Working Paper No. 455

Cost and Productivity Effects of Firm Financed Training

Published: April 1996Pages: 47Keywords: ENTERPRISES; TRAINING; WORKERS; PRODUCTIVITYJEL-codes: C51; D21; J24; J31

Cost and Productivity Effects of Firm Financed Training Eugenia Kazamaki Ottersten, Thomas Lindh and Erik Mellander


A quality-adjusted specification of labor is suggested which allows firm training to affect labor efficiency. To assess the cost and productivity effects, this specification is integrated into a flexible neoclassical cost function. The empirical analysis uses panel data for eight plants in the Swedish Machine Tool Industry. The econometric results imply a high probability that training expenditures result in net decreases in total costs. Judging from the corresponding point estimates, these cost savings can be very large. The estimates of productivity effects are also positive, albeit rather small.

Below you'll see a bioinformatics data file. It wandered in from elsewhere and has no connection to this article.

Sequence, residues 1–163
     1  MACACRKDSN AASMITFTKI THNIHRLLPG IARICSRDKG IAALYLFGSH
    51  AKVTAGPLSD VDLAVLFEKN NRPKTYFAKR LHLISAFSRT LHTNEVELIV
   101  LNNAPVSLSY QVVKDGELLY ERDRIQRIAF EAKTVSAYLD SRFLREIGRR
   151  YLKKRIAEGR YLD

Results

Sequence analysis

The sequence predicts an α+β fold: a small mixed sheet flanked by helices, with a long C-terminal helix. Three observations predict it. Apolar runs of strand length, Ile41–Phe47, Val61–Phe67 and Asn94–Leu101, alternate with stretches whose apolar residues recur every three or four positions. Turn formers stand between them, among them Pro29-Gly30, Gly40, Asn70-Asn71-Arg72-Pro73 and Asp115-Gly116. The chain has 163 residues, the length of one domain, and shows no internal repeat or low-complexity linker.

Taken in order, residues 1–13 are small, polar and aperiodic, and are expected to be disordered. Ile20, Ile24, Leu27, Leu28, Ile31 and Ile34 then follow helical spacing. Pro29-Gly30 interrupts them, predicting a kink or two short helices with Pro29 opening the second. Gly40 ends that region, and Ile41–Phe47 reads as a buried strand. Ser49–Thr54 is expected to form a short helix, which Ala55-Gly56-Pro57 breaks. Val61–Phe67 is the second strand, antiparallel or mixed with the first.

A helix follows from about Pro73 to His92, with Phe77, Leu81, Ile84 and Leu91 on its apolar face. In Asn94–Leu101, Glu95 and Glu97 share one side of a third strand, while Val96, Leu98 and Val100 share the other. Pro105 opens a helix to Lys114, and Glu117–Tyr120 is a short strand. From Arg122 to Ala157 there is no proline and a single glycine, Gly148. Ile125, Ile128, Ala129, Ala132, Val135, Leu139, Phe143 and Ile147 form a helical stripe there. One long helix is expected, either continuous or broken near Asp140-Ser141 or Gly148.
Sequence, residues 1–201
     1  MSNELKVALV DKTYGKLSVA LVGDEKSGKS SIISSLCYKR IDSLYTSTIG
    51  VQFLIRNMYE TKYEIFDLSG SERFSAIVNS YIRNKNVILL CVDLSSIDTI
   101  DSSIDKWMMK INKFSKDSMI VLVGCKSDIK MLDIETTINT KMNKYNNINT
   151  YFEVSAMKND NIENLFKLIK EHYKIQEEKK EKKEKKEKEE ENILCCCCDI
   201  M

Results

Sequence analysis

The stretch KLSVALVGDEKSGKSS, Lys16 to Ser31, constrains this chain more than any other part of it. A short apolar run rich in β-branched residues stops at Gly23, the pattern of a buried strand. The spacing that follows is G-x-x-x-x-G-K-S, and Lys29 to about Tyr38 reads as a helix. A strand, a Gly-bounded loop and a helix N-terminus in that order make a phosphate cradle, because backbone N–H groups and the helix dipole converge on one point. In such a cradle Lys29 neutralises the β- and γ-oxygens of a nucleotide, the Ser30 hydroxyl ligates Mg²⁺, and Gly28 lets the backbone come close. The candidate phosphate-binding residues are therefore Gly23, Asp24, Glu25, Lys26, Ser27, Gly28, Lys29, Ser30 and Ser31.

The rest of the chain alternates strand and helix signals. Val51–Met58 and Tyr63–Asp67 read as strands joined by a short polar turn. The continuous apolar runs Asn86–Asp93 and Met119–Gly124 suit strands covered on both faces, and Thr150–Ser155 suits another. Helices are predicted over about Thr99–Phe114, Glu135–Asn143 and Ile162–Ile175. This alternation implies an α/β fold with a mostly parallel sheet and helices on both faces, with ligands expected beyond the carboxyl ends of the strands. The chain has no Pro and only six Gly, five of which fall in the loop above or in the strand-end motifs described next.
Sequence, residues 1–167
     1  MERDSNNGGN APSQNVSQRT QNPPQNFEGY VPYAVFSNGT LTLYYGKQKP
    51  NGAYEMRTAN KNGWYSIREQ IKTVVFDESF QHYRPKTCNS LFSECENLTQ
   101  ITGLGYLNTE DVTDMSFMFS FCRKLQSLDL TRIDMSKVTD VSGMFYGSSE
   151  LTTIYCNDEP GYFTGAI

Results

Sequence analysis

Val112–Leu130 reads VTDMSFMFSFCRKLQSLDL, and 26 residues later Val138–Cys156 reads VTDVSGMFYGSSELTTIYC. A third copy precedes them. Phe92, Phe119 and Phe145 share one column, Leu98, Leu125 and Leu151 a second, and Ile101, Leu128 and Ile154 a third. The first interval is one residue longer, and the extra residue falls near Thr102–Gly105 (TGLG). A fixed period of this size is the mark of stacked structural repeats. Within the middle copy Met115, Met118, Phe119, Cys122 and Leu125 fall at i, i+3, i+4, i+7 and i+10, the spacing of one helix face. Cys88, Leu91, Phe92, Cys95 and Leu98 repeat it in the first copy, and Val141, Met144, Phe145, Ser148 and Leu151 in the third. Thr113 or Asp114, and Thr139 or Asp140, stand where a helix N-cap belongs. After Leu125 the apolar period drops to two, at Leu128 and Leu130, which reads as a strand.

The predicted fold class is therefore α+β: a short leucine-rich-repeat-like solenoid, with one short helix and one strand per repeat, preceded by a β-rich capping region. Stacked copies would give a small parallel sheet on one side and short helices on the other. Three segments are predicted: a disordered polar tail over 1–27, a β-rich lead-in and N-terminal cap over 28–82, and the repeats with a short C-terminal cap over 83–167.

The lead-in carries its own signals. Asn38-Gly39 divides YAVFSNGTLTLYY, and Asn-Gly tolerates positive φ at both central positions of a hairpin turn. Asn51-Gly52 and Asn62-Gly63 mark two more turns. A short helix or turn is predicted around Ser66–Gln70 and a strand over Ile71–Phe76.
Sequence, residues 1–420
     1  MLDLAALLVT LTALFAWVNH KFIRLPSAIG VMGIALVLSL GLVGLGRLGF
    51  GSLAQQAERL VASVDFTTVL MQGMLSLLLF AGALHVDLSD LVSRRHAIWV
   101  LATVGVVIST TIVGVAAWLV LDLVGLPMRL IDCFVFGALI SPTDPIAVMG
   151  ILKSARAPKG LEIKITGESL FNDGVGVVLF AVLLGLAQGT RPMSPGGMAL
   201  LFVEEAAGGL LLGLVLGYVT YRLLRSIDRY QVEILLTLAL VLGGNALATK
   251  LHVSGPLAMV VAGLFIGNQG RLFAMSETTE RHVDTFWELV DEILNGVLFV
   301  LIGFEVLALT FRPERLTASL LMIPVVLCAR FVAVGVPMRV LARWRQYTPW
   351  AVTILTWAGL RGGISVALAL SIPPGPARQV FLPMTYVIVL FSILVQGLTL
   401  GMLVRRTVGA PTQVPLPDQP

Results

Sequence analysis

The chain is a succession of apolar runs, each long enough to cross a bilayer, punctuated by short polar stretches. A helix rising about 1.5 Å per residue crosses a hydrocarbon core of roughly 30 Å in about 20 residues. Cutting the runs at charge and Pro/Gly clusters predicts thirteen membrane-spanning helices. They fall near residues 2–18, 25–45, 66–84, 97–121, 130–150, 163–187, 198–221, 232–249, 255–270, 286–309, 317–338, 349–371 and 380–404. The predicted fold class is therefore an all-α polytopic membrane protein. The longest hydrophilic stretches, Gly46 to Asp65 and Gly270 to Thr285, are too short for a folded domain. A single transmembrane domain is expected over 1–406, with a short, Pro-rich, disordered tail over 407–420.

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Martin Ljunge, IFN, is the author of a chapter, "Trust promotes health: addressing reverse causality by studying children of immigrants", in a new book edited by Sherman Folland and Eric Nauenberg. The cutting edge of research is presented, covering the ever-expanding social capital field.

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